Sunday, 17 November 2013

Charming seed predators

 ResearchBlogging.orgI find fascinating that when you seen something for the first time, then the chances are that you would see it again, seeing helps you see more. In the last couple of weeks a charm of goldfinches have been regular visitors in the garden feeders, gorging themselves on nyjer and sunflower seeds. I was watching the goldfinches and taking photos from inside of the house, when I noticed that one of the birds that couldn't get to the feeders was feeding on rowanberry seeds (above), discarding the pulp. This is typical of seed feeding birds like finches. Finches are seed predators, unlike thrushes, that eat the berries whole, passing the seed undigested and undamaged, in their droppings, and dispersing the seed away from the tree in the process.
 There was no mention of Goldfinches in the authoritative 'Birds and Berries' by Snow and Snow. I found a wonderful, if lone, photo on Flickr here and a line in a novel that suggested that this behaviour had been noticed before:
They went down the track through a wood where a flock of goldfinches was feeding on the rowanberries [...]
Tessa Hadley, Accidents in the home, 2002

Today on a walk in the park, I noticed a rowan on a garden and had a look. A charm of goldfinches looked busy on it. I wouldn't have normally had a closer look, but I did. They were feeding on the berries, hanging from the bunches like tits, not one, not two, but the whole flock seemed to be enjoying the berry seeds. The photos from today (below) are atrocious, as it was late and the light very poor, but a record nonetheless. After a while, something spooked the birds, a Sparrowhawk perhaps, and the Goldfinches went quiet and took to the air with a group of starlings and feral pigeons. I glimpsed what I think was a woodcock before if flew behind a roof, powerful wings and long bill, but just for a second. A Blackbird called: 'seee!' from a bush, their air predator alarm call.
 Indeed, a range of finches - including Goldfinches - are reported to feed on rowan seeds occasionally: Greenfinch, Crossbill, Brambling, Chaffinch, Hawfinch, Goldfinch, Redpoll and Siskin. Indeed, for some finches, particularly Bullfinch and Pine Grosbeak rowan seed in autumn can be their staple food. But rowan is a masting tree, where crop is very variable across years, with bumper crop, the 'masting years' interspeded with poor or failed crops in some. In the winter of 2004-2005, simultaneous irruptions of boreal Waxwing, Pine Grosbeak and northern Bullfinch occurred, all three birds liking rowan berries. Bullfinch local movements and irruptions in western and southern Europe have been linked to the strength of rowanberry fruiting crop.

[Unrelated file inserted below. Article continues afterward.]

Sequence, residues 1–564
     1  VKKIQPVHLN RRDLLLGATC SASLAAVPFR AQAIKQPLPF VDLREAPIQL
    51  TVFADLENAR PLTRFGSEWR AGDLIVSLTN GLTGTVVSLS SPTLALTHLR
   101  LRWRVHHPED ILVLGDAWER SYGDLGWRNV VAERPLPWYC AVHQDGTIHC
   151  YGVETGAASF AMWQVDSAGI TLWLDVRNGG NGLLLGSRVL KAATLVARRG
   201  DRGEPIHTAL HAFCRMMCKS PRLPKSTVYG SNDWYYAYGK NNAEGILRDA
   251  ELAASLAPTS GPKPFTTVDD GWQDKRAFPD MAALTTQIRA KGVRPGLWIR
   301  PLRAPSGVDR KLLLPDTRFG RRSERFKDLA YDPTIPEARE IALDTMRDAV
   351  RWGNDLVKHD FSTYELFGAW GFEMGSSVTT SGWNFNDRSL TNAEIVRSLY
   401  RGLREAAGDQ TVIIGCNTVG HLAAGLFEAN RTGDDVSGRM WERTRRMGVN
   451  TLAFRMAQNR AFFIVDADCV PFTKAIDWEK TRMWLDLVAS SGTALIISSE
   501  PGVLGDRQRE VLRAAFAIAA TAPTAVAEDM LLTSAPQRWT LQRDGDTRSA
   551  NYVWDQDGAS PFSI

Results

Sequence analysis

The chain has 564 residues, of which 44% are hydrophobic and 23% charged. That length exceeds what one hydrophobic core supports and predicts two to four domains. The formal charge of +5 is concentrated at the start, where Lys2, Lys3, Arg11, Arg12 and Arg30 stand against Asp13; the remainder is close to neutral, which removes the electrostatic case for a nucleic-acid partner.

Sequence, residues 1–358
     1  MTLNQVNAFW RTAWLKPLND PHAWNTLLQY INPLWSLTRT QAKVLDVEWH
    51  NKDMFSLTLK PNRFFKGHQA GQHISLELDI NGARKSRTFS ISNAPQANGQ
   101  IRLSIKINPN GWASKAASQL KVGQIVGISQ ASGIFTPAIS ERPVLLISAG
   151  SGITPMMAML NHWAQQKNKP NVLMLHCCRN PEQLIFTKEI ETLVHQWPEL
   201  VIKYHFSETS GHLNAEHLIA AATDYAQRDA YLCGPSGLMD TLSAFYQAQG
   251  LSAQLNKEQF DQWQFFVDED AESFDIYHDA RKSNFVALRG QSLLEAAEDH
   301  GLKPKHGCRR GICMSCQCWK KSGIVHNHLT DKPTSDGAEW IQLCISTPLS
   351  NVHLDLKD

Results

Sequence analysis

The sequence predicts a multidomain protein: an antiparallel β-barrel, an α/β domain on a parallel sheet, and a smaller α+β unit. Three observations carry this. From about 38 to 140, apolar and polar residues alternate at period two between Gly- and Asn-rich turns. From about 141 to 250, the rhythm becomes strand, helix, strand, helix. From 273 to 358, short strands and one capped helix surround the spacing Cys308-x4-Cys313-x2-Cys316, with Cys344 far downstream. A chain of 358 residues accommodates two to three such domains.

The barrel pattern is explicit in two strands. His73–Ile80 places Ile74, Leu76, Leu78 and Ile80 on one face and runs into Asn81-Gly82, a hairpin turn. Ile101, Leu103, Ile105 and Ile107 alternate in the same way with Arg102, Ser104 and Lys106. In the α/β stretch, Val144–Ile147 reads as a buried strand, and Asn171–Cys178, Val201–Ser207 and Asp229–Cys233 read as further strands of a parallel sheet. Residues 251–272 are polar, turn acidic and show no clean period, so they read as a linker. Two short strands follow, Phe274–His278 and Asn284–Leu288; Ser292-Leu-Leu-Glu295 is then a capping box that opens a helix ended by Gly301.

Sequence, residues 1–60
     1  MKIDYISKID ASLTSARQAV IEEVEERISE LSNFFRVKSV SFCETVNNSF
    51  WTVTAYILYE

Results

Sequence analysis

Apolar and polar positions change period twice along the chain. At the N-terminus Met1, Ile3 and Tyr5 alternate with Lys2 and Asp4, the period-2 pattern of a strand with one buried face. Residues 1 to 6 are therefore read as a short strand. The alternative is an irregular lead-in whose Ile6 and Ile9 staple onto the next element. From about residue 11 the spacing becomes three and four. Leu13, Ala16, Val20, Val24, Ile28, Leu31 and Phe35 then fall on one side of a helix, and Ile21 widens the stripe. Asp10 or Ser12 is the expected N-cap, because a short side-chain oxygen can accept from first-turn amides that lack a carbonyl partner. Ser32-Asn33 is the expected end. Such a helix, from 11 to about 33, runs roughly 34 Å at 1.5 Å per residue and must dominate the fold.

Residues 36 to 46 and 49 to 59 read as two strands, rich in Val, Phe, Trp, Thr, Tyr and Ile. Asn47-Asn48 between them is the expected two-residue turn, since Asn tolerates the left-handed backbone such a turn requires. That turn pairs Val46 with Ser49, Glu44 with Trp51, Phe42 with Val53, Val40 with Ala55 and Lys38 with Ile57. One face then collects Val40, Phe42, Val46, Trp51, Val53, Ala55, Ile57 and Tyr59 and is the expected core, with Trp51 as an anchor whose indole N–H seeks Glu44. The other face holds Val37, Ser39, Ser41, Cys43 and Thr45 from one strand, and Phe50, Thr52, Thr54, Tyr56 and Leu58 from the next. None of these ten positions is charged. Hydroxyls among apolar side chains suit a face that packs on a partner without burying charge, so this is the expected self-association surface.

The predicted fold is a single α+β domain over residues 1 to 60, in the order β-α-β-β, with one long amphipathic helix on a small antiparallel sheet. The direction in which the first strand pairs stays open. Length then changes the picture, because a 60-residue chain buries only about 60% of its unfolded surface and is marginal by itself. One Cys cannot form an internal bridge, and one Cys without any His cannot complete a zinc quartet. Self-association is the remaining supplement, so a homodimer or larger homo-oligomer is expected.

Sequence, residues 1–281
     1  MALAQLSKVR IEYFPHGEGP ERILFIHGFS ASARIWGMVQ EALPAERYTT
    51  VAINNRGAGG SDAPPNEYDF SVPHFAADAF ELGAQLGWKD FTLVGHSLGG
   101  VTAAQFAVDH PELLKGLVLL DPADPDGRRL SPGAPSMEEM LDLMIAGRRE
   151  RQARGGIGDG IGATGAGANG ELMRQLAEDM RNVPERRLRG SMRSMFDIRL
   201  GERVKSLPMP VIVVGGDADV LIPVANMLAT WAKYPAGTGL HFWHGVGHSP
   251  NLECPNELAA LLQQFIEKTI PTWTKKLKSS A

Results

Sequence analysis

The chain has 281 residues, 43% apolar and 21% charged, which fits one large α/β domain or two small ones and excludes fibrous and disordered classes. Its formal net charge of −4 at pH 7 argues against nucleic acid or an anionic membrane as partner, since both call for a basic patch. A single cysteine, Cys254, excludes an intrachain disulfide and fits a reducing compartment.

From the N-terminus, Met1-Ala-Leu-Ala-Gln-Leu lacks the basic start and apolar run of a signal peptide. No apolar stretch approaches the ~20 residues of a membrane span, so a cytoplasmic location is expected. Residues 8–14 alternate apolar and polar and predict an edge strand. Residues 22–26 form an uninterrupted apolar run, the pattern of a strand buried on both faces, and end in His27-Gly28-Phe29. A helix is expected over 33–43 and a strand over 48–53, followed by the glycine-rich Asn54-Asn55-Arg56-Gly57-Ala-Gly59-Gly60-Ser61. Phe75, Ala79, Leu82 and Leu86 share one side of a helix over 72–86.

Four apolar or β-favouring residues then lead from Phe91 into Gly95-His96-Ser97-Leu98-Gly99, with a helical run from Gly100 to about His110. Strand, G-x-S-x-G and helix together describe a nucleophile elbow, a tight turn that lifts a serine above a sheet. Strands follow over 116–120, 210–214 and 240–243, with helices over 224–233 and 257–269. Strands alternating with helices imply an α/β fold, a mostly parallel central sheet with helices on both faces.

This goldfinch appeared to use her foot to hold the berry in place

  A couple of weeks ago I spotted a juvenile Common Rosefinch, a rare visitor to these shores, feeding on rowan berries

Juvenile Common Rosefinch feeding on Rowan berries. 4/11/2013.

Some finches might use rowan depending on local availability. As this year rowan berries are plentiful and the thrushes have barely made a dent on the crop, Goldfinches and other birds may take advantage of this resource opportunistically.

Pennington, Mike G., and Eric R. Meek. (2006). The ‘Northern Bullfinch’ invasion of autumn 2004. British Birds 99: 2-24.

Munilla, I., and Guitián, J. (2012). Numerical response of Bullfinches Pyrrhula pyrrhula to winter seed abundance. Ornis Fennica, 89(3), 197-205.

Fox, A. D., Kobro, S., Lehikoinen, A., Lyngs, P., and Väisänen, R. A. (2009). Northern Bullfinch Pyrrhula p. pyrrhula irruptive behaviour linked to rowanberry Sorbus aucuparia abundance. Ornis Fennica, 86, 51-60.

Snow, B. K., and Snow, D. (2011). Birds and berries. A&C Black.

Raspe, O., Findlay, C., and Jacquemart, A. L. (2000). Sorbus aucuparia Journal of Ecology, 88 (5), 910-930 DOI: 0.1046/j.1365-2745.2000.00502.x

1 comment:

  1. Your very interesting and informative piece sent me out looking for birds eating berries. I was surprised to find a Great Tit eating the seeds of yew berries, which I had always supposed were poisonous to creatures which (unlike fruit-eating birds) are able to digest them. There's a picture in today's blog
    where I have also put a link to your post.